Analog hearing aids use a continuously varying electrical signal to produce sound. Digital hearing aids change the electrical impulses into binary code (zeroes and ones), and these numbers are analyzed by a microprocessor within the hearing aid. Using a set of algorithms, the microprocessors process the impulses, and transmit the energy to the speaker.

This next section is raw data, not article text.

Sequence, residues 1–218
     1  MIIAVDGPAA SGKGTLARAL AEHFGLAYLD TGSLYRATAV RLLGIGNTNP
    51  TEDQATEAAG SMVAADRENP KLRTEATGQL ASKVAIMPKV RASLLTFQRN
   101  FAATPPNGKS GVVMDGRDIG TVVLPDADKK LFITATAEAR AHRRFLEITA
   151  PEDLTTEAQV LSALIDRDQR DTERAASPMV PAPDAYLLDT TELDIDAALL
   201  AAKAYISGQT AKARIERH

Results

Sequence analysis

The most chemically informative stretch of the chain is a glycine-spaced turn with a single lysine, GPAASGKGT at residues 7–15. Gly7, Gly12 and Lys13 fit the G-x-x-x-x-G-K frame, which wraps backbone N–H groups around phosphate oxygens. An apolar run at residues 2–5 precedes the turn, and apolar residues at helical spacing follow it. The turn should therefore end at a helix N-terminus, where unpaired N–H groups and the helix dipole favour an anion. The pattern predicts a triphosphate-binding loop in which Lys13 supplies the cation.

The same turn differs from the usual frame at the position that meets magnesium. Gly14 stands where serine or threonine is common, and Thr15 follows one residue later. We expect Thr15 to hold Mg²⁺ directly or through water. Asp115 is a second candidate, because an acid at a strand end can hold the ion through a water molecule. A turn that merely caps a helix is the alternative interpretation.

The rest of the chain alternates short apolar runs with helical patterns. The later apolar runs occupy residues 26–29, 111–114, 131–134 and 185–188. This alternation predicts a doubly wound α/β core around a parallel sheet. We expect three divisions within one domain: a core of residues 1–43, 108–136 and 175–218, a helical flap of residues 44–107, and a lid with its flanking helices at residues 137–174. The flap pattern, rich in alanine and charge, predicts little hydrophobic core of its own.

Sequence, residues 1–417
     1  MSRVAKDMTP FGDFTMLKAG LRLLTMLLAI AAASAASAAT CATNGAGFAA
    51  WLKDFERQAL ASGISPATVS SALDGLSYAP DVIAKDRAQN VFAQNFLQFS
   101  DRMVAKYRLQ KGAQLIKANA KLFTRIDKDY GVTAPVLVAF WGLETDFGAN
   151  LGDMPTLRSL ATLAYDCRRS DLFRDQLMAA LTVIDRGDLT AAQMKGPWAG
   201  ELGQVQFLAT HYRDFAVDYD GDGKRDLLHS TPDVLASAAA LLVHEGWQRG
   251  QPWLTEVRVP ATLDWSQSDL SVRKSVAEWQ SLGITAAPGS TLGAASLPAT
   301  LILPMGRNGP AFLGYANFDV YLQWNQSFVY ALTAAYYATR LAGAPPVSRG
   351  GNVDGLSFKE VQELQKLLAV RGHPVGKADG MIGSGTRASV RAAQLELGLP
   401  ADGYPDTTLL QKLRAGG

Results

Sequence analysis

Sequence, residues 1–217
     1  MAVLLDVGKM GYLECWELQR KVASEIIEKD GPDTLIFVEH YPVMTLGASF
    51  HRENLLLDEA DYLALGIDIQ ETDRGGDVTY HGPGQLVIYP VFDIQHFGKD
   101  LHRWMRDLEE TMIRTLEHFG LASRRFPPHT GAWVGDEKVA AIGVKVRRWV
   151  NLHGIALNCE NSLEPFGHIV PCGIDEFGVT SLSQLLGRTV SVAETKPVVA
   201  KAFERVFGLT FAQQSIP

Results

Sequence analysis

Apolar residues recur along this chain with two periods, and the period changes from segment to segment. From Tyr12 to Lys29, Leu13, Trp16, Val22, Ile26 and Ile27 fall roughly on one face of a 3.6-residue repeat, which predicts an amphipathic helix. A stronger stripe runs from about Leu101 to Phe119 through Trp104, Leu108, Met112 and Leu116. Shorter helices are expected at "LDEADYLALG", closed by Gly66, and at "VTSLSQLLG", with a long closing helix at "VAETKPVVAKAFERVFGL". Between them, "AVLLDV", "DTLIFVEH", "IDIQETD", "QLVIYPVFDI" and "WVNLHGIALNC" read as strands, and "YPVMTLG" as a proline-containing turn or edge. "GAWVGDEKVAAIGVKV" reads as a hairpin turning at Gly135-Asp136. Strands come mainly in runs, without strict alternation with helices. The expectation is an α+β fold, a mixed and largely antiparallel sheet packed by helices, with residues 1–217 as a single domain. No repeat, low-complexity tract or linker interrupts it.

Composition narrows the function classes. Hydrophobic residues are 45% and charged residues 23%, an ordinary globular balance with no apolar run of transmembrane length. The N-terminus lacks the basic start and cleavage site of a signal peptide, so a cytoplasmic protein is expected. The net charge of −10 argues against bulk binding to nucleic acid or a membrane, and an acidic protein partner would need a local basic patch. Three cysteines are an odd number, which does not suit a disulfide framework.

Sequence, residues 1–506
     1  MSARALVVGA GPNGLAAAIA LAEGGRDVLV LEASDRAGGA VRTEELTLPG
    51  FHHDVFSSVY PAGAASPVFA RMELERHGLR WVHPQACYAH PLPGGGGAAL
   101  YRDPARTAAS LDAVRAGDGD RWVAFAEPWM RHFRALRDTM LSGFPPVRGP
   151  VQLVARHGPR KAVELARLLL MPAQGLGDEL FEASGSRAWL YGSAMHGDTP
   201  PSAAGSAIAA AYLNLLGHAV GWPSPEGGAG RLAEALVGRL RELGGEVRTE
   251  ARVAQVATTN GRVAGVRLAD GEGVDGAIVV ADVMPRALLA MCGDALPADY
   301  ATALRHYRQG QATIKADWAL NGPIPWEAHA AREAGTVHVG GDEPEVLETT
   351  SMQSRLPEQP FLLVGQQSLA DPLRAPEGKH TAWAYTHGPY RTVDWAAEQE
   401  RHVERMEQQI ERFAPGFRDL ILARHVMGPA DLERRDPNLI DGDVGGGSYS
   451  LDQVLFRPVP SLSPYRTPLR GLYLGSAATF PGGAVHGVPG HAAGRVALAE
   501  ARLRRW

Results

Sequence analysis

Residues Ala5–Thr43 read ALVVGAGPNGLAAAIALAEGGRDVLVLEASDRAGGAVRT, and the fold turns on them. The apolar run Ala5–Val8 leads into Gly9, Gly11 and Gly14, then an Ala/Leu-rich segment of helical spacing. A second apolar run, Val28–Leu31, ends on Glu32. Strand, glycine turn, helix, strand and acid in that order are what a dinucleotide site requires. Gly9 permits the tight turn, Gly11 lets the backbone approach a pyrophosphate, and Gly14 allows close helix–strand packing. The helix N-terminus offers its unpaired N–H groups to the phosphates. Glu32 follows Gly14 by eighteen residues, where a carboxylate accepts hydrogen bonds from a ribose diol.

Analog hearing aids offer fewer options than digital, and must be adjusted by an audiologist in the office, though there are manual volume controls on some models. Analog hearing aids are the least flexible, but often the least expensive hearing aids available.